One important result of this improved level of information is the ability to manage stock more effectively. With more detailed product data, manufacturers can make informed decisions about when and where to move products around the globe to maximize profits and cut waste. For example, drug companies can quickly and accurately check the integrity of any drugs returned to them unsold. Once they have verified that the products are safe, they can send the drugs to high demand markets to sell them before the products expire.
While the benefits of the latest labelling symbologies are now widely recognized, the cost of implementing a new system has been a stumbling block in some cases. One of the advantages of using the 2D barcode system as opposed to a less familiar technology, such as RFID, is that the labels can generally be both produced and read using standard technology. Indeed, many manufacturers, distributors and retailers are already using 2D barcodecompatible equipment, making implementing the system considerably easier and more affordable.
Key to the benefits of the new generation of barcodes is the ability to capture and share information more effectively, but this can only be achieved if companies throughout the supply chain are using consistent labelling language. While the technology for manufacturers to produce the labels is already here, the difficult part is working together with suppliers and retailers to put a system in place for collecting the extra information and feeding it back to the manufacturer's systems. At present, there is no central organization managing this transfer of data globally, but this could be necessary to ensure a more secure, counterfeit-proof infrastructure can be created.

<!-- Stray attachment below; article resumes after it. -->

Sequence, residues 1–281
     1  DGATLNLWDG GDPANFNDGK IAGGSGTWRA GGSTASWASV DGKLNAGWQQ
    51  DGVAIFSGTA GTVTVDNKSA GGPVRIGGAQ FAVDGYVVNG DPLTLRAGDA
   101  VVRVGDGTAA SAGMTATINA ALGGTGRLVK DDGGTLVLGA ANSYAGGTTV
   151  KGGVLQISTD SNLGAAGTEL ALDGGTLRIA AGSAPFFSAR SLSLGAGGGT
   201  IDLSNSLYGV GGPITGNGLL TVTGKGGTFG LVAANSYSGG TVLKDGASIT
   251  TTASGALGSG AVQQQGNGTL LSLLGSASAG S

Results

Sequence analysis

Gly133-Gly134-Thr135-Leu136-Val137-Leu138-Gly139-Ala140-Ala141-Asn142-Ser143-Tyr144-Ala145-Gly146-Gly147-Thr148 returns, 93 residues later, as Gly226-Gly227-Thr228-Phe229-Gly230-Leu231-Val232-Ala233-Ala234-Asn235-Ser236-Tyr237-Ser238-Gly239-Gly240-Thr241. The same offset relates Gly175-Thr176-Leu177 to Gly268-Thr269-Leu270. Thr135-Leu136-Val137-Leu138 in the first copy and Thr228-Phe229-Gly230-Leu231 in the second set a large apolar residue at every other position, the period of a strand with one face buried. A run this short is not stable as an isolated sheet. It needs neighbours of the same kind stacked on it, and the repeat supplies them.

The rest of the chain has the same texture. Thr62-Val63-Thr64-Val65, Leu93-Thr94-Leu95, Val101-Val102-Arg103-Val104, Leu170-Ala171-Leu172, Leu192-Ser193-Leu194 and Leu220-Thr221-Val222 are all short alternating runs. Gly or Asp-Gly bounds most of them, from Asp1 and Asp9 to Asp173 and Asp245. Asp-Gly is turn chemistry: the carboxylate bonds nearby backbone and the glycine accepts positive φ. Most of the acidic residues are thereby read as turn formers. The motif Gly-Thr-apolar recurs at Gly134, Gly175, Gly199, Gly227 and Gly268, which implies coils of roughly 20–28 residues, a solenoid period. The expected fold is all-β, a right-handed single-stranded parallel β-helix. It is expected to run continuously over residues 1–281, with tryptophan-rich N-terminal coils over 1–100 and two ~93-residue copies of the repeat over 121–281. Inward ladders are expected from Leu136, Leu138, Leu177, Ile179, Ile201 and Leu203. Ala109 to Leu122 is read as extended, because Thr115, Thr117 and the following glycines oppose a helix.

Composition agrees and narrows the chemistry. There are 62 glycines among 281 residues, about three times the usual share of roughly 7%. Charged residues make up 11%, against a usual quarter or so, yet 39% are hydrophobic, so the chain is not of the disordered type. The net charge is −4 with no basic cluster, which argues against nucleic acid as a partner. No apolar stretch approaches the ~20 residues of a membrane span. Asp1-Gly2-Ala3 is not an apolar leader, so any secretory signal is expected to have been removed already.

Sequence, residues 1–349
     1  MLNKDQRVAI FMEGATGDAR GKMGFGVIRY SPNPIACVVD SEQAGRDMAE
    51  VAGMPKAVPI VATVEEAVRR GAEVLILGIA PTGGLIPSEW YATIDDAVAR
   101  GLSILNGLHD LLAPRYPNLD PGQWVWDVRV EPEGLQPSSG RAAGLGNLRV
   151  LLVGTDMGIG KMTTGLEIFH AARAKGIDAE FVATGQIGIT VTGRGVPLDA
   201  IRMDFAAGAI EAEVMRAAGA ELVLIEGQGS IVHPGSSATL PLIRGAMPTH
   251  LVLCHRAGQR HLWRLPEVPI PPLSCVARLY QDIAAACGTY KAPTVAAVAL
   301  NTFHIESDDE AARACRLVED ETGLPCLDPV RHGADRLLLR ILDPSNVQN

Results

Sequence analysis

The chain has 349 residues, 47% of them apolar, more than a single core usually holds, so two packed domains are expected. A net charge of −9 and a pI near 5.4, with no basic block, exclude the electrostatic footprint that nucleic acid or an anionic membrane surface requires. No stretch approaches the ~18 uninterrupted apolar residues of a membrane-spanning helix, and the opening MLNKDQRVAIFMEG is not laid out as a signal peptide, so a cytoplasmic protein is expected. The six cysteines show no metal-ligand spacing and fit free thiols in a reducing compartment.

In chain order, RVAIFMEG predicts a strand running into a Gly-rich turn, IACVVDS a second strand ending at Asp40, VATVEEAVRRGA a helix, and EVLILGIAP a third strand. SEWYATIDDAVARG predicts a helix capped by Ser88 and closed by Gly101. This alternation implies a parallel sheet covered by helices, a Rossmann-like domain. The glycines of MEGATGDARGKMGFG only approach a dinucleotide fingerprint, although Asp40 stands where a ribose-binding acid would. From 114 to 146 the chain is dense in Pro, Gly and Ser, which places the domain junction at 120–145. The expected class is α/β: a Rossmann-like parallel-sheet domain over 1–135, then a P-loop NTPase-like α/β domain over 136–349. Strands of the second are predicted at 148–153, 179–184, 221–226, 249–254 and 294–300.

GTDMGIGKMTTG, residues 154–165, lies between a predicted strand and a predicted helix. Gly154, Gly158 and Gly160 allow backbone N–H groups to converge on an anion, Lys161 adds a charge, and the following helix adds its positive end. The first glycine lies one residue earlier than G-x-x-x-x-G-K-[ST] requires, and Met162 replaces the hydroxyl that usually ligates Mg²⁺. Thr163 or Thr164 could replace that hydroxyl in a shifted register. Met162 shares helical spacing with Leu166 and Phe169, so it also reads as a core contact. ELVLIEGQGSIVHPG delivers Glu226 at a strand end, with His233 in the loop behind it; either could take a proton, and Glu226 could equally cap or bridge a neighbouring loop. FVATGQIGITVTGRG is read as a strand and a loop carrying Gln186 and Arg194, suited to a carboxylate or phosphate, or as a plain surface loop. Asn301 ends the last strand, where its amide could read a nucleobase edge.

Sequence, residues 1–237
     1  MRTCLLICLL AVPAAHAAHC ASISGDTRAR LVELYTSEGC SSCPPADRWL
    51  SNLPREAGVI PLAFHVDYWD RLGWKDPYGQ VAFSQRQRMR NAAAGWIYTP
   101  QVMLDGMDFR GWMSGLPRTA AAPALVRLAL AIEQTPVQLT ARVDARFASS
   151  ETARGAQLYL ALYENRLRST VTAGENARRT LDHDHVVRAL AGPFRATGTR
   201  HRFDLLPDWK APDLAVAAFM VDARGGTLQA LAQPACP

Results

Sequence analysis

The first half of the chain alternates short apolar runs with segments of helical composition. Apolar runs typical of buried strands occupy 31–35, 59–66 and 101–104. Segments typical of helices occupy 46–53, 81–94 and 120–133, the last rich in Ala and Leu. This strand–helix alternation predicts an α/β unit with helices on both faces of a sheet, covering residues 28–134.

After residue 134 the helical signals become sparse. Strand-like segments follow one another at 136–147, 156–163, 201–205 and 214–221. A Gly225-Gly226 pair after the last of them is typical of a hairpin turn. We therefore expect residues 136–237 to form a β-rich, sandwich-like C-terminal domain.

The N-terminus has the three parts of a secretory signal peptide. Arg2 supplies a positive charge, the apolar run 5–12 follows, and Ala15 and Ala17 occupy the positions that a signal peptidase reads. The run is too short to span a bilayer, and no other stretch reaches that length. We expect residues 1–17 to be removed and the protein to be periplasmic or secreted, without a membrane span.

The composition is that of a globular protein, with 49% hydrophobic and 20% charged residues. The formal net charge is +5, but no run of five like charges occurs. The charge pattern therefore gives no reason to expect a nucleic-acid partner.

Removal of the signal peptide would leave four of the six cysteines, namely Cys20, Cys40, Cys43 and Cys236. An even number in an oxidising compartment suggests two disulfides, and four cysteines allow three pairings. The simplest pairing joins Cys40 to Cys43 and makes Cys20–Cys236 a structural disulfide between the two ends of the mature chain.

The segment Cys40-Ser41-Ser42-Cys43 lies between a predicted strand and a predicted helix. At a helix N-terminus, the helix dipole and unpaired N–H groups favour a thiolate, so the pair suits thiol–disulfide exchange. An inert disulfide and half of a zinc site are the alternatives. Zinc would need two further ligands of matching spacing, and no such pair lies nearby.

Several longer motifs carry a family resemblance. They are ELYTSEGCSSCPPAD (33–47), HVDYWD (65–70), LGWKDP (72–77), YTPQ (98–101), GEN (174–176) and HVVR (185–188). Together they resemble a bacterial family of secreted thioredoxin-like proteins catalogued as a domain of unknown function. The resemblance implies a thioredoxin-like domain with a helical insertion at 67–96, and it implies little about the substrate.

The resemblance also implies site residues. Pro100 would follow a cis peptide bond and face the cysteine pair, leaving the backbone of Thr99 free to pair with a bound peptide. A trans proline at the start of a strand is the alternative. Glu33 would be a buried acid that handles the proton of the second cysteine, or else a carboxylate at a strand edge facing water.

To try to standardize the format of the codes and aid compatibility throughout the supply chain, GS1, the global standards agency for supply chain technologies, has issued detailed guidelines on the format that DataMatrix codes should follow.2 The guidelines cover everything from the size of the 'quiet zone' (the blank space around the code) to printing methods, code dimensions and colours, and should be followed to ensure best practice is established.
The growing demand for more detailed and secure data management in the pharmaceutical sector to prevent counterfeiting and improve efficiency, has led to the development of a number of new labelling systems. DataMatrix, a type of 2D barcode is proving particularly popular, being relatively simple and affordable to implement in comparison with other, less familiar systems. However, the technology is just the beginning; effective lines of communication need to be established throughout the supply chain to allow information to be shared quickly and easily. Only then will tangible improvements be seen and the increasing demands of pharmaceutical companies, regulatory bodies and consumers be met.
To read an interview with Mark Beauchamp, where he discusses trends in the pharma industry, the impact on security choices and the future of printing and labelling technology, go to pharmtech.com/beauchamp
Mark Beauchamp is European Marketing Manager at Citizen Systems Europe, UK Tel. +44 208 893 1900 Fax +44 208 893 0080 email@example.com
2. GS1, GS1 DataMatrix: An introduction and technical overview of the most advanced GS1 Application Identifiers compliant symbology (2009). www.gs1.org